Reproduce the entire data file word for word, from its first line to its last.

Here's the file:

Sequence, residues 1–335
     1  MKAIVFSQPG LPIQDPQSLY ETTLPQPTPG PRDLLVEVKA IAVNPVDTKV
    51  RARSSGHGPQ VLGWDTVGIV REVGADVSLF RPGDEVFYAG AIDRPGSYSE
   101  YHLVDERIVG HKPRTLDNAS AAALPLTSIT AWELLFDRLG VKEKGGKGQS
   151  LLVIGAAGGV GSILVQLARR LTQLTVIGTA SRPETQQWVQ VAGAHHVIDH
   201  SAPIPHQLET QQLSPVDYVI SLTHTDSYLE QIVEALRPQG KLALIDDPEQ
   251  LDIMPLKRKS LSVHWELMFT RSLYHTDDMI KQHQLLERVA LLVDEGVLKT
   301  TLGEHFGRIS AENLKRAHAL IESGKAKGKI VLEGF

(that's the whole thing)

Sequence, residues 1–335
     1  MKAIVFSQPG LPIQDPQSLY ETTLPQPTPG PRDLLVEVKA IAVNPVDTKV
    51  RARSSGHGPQ VLGWDTVGIV REVGADVSLF RPGDEVFYAG AIDRPGSYSE
   101  YHLVDERIVG HKPRTLDNAS AAALPLTSIT AWELLFDRLG VKEKGGKGQS
   151  LLVIGAAGGV GSILVQLARR LTQLTVIGTA SRPETQQWVQ VAGAHHVIDH
   201  SAPIPHQLET QQLSPVDYVI SLTHTDSYLE QIVEALRPQG KLALIDDPEQ
   251  LDIMPLKRKS LSVHWELMFT RSLYHTDDMI KQHQLLERVA LLVDEGVLKT
   301  TLGEHFGRIS AENLKRAHAL IESGKAKGKI VLEGF